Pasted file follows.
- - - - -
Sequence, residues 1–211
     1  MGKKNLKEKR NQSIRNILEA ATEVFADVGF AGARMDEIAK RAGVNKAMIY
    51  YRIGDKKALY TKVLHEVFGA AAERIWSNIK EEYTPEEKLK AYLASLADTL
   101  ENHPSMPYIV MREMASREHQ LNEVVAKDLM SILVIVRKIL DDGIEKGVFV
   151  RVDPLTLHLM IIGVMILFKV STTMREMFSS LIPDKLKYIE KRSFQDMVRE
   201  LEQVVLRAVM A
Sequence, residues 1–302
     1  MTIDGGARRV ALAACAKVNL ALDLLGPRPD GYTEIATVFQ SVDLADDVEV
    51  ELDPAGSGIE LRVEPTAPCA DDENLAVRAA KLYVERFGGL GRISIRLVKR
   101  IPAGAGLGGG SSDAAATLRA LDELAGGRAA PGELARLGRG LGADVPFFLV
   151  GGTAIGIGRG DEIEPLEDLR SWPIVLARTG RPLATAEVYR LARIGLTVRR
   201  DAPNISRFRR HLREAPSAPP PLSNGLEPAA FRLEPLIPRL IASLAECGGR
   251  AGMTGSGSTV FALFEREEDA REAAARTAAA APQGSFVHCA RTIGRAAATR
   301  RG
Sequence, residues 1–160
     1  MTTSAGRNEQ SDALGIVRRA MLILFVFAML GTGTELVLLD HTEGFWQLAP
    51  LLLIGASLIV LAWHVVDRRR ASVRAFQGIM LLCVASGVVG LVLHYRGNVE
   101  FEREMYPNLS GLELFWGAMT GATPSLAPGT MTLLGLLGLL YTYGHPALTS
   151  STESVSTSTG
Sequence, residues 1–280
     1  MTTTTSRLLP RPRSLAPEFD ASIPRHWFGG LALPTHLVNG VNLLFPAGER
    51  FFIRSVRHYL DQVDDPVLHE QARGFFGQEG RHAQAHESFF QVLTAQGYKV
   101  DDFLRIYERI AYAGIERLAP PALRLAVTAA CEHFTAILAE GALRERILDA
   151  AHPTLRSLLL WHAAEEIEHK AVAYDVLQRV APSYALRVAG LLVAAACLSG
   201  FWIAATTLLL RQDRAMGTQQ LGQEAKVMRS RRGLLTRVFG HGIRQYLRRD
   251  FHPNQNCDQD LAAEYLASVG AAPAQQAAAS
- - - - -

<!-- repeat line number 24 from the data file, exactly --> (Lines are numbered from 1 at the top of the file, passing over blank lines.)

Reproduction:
   151  AHPTLRSLLL WHAAEEIEHK AVAYDVLQRV APSYALRVAG LLVAAACLSG